China defends detention of Uyghurs in Xinjiang

The horrors of Chinese atrocities in the Xinjiang Uyghur Autonomous Region (XUAR) in China’s Northwest are, without doubt, emerging on a daily basis. In response, China has continually changed its narrative about the mass internment of Uyghurs.

Organisations such as United Nations estimates that at least a million Muslim citizens are incarcerated in concentration camps, which China insists are “Vocational Training” camps. This figure amounts to 10 per cent of Xinjiang’s adult Muslim population. Beijing is now feeling Western pressure over its gross abuse of human rights and is now preparing itself with an entire arsenal of instruments to refute allegations and deflect criticisms.

In January 2021, the USA accused China of genocide. As the diplomatic pressure ramped up, other countries also followed the suit. The Chinese Communist Party (CCP) displays irrational fears over the instability and dismemberment of China. Top leaders in China have suggested ethnic blending of more than 120 million minorities. They want to make the ethnic minorities more like the Han majority by blending minorities into a cohesive racial state with “stability-maintenance” as a key driver.

“We should not continue with what is rotten. Rather, China should discard the dross and select the essence; weed out the “chaff” to bring forth new roots.” said party chairman Xi Jinping at Central Ethnic Work Conference. The first couple of years saw widespread militant attacks against the state. It angered the paramount leader and turned a “softer” approach into a harsh one.

Soon, Xi personally set about transforming Xinjiang into a “social re-engineering hub” with XUAR party Zhang Chungxian pushed aside by Chen Quango in August 2016. Chen adopted a “clenched fist” approach and his appointment marked a turning point for Xi’s strategy. The CCP abandoned small-scale de-radicalization work and instead, adopted a “concentrated transformation through education” apparatus.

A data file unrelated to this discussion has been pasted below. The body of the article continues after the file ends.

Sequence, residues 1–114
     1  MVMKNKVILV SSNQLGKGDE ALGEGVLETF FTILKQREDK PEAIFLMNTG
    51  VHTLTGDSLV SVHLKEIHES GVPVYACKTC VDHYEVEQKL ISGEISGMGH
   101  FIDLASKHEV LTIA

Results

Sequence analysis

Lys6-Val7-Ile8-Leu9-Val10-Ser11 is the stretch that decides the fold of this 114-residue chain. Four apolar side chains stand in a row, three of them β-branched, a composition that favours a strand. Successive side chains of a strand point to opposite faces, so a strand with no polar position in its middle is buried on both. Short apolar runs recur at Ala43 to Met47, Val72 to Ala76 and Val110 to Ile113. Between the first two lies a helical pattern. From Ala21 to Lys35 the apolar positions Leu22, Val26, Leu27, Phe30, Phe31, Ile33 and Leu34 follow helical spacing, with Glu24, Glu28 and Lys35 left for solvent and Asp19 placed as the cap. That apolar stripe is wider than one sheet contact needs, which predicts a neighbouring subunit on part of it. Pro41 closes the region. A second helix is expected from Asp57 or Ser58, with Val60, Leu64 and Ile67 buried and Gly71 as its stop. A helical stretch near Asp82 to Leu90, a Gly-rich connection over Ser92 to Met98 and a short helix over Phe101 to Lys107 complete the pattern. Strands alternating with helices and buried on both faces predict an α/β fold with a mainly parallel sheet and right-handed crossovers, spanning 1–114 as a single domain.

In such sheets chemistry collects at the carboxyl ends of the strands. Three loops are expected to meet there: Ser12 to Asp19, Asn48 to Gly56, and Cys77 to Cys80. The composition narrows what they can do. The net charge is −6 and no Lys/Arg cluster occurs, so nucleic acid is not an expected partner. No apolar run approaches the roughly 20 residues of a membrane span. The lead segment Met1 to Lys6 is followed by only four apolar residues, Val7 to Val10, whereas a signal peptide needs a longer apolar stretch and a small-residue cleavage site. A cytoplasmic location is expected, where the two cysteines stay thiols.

Chen spoke of a five-year plan to alter Xinjiang society: stabilizing the situation in the very first year, consolidation during the second year; normalizing the third year; and achieving “comprehensive stability” within five years. The CCP was secretive about its concentration camps for the first 1 and a half years, but when the news about them started making rounds, China’s first response was to vehemently deny their existence.

When the mounting evidence became overwhelming, China changed its narrative and claimed that the “camps” were actually “training centres” to give the backward Uyghur people valuable “job skills”. 

Yet,  the question remains that if the camps were so holistically beneficial, why did China originally cover up their existence? Moreover, if these were “vocational training schools” that Uyghurs attended voluntarily, why did reports from former detainees of torture and abuse made rounds all around the globe? Thus, China’s reasoning for running these camps is not logical. This phase of China’s propaganda highlighted some “positive” aspects of its ethnic-expulsion program. This involved inviting foreign diplomats on highly restricted visits or encouraging media outlets (or foreigners) to completely deny the existence of concentration camps. These propaganda campaigns were further supported by rumoured stories that these camps were “anticipated measures against extremism”. Thus, China provided evidence that no act of terrorism has occurred from the time they started making the efforts. 

In other words, the end justifies the means, no matter how much loathing and hate the treatment of many Uighurs attracts. Many innocent people, including families, had to undergo horrible treatment and were split forcibly. Many children were separated from their families and sent to “orphanages”, when parents were being incarcerated. This allowed the government to indoctrinate them, and alienate them from their own culture.

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